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30 Days with the Kershaw Blur — Knife Review

Posted by admin on Mar 10th 2014

Kershaw Blur Assist Knife
Kershaw Blur Assist Knife–30 Days with Knife Review

When I opened my new Kershaw Blur, I noticed several things I immediately liked about it.  This being a Ken Onion design, it is built with the knife user in mind.  This is no fancy knife that can’t be carried and used.  This is a hard charging, built to perform knife that is ready for action when you pull it out of the box.  I immediately noticed the Trac-Tec grip tape inserts in the handle.  These feel just a bit spongy when pressed with a finger tip and are extremely grippy.  In another life, I rode skateboards.  Each skateboard deck has grip tape on it.  What you are looking for in grip tape is one that will keep your feet from slipping but won’t scratch the living daylights out of your hands when you grab your board in the middle of a jump or trick.  Same deal with a knife.  And putting my hands on the Trac-Tec grip tape insert, I can tell you–there is grip tape and then there is Trac-Tec.  This stuff is amazing.  It is soft enough that it doesn’t scratch and pull at your hand.  But the texture really gives your hand a solid purchase on the handle.  The next thing I noticed was how fast the blade opens when the thumb studs are activated.  A slight start is all it needs and the blade comes blazing out and locks up nice and tight.

Day 2 

Kershaw Blur
Kershaw Blur–Trac Tec Insert

I chose to carry the 1670OLBLK.  This means it has a black tactical blade along with a dark olive green handle.  Here are some basics about the knife.  The blade is Sandvik 14C28N stainless steel with a DLC coating.  If you aren’t sure what DLC means–it means a Diamond Like Coating.  It is a fairly durable black finish is reasonably hard and scratch resistant.  It will scratch, but not easily.  The handle is 6061-T6 anodized aluminum.  In the case of my knife, it is olive drab.  But the Blur is also available with handle colors of black, red and desert sand.  The cheat sheet of specs is as follows–direct from the Kershaw Website.

  • Made in the USA
  • SpeedSafe assisted opening
  • Liner lock
  • Thumbstud
  • Reversible (tip-up/tip-down, right) pocketclip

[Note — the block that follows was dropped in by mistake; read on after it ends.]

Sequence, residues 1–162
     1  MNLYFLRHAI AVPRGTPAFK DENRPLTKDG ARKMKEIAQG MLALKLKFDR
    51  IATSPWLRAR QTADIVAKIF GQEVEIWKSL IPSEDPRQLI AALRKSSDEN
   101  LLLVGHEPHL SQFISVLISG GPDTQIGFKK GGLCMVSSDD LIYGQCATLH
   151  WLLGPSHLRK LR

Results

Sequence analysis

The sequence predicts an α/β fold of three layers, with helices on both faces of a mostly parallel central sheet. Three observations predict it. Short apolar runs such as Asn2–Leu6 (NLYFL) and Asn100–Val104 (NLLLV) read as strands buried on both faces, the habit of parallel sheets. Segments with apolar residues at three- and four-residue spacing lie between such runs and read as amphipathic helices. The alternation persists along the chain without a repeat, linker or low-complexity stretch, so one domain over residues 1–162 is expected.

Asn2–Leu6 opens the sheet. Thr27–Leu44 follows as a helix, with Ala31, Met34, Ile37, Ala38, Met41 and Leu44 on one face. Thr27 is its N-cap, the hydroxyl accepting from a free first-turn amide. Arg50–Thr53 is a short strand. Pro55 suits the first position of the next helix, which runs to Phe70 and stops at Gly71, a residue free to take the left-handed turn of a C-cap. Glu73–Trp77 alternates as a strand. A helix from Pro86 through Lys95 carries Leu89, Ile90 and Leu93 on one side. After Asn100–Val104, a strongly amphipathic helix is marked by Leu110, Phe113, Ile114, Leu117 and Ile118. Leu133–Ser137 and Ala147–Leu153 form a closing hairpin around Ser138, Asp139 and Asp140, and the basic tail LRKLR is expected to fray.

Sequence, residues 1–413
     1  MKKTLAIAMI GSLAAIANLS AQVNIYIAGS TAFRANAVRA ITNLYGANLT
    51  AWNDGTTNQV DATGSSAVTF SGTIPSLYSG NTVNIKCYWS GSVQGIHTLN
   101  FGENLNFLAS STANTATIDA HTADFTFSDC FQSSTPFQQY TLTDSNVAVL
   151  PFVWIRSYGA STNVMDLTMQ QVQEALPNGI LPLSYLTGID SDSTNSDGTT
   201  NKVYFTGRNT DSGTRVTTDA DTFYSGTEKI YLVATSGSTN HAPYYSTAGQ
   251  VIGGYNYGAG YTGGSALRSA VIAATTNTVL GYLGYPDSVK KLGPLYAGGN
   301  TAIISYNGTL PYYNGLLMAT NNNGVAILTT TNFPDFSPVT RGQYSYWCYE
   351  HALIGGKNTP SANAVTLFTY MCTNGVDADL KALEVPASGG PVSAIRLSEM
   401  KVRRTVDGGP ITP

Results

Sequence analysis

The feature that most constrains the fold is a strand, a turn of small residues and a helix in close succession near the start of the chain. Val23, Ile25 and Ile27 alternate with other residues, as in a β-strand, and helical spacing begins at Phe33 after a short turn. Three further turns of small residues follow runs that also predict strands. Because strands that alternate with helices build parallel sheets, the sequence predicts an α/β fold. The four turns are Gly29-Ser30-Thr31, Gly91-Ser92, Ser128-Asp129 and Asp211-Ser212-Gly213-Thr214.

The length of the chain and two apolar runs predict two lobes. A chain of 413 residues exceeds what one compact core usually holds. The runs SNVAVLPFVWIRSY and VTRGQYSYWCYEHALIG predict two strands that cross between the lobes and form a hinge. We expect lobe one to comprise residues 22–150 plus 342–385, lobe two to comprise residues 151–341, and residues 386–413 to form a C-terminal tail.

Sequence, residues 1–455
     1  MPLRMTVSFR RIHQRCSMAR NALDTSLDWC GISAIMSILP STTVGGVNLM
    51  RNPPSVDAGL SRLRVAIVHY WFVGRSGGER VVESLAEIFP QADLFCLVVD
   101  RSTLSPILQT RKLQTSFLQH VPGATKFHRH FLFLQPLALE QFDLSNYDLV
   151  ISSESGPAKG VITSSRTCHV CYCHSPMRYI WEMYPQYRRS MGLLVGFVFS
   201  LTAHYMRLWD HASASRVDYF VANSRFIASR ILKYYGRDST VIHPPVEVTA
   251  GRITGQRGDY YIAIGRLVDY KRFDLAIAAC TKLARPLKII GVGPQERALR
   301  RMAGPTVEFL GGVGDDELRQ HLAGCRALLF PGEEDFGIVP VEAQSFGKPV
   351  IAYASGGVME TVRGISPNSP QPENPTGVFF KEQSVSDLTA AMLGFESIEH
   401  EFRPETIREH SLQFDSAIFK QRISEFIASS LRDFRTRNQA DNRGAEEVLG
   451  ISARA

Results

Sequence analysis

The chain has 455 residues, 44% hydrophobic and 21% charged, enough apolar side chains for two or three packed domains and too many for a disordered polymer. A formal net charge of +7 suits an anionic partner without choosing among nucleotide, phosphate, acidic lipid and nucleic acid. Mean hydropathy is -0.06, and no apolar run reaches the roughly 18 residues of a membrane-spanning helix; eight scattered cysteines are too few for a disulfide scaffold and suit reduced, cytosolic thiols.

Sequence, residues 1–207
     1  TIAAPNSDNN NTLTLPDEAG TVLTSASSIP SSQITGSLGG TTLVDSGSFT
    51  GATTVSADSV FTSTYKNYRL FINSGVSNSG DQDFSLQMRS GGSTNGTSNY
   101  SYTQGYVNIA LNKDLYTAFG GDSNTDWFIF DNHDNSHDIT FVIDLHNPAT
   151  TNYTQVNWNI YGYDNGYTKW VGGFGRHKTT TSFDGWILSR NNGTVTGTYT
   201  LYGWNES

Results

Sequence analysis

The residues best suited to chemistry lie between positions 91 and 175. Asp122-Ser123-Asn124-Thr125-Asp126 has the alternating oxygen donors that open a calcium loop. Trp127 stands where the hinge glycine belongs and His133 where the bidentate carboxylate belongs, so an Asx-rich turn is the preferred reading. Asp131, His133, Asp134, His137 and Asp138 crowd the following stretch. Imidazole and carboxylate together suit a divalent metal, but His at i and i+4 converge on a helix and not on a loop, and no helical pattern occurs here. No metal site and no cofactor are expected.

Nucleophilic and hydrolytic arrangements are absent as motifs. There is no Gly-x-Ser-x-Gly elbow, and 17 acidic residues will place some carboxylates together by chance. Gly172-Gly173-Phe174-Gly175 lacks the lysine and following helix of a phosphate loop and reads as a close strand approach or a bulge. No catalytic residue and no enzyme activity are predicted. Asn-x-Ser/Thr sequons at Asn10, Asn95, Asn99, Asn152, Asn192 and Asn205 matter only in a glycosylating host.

• Steel: Sandvik 14C28N, DLC coating
  • Handle: 6061-T6 anodized aluminum, Trac-Tec inserts
  • Blade length: 3 3/8 in. (8.6 cm)
  • Closed length: 4 1/2 in. (11.4 cm)
  • Overall length: 7 7/8 in. (20 cm)
  • Weight: 3.9 oz.

The SpeedSafe system, if you don’t know much about it, is Kershaw’s proprietary spring assist system.  It opens fast.  I have had three Kershaw knives with the SpeedSafe and have been pleased with each one.  One of the selling points for me was the fact that this is a USA made knife.  A definite plus in my estimation.


Kershaw Blur Blade
Kershaw Blur Blade–Recurve Plain Edge, Black Finish

So what I noticed quickly was how sharp the blade is on my Kershaw Blur.  I haven’t ever had a blade with this shape belly before.  If you are wondering what a blade belly is, check out my blog post from last week on Quick Knife Terms.  The belly shape makes this a great knife for slicing actions.  So with that in mind, I set to work slicing everything I could put my hands on.  From apples to cardboard to little odds and ends around the office, I sliced a bit of everything.  Here is what I quickly noticed.  When I put the blade on the item to be sliced, I would place the part of the blade that is closest to my hand right on the item.  From there, I would pull.  The slight belly would “bite” on the item as I pulled the blade towards my self.  It would bite deeply into the item and slice it just like I wanted.  So I quickly realized, what the experts say about a belly on a blade is true.  It actually assists you in slicing cuts.  And the blade on my Blur sliced like a professional.  After several days of slicing, it still is cutting with no issues.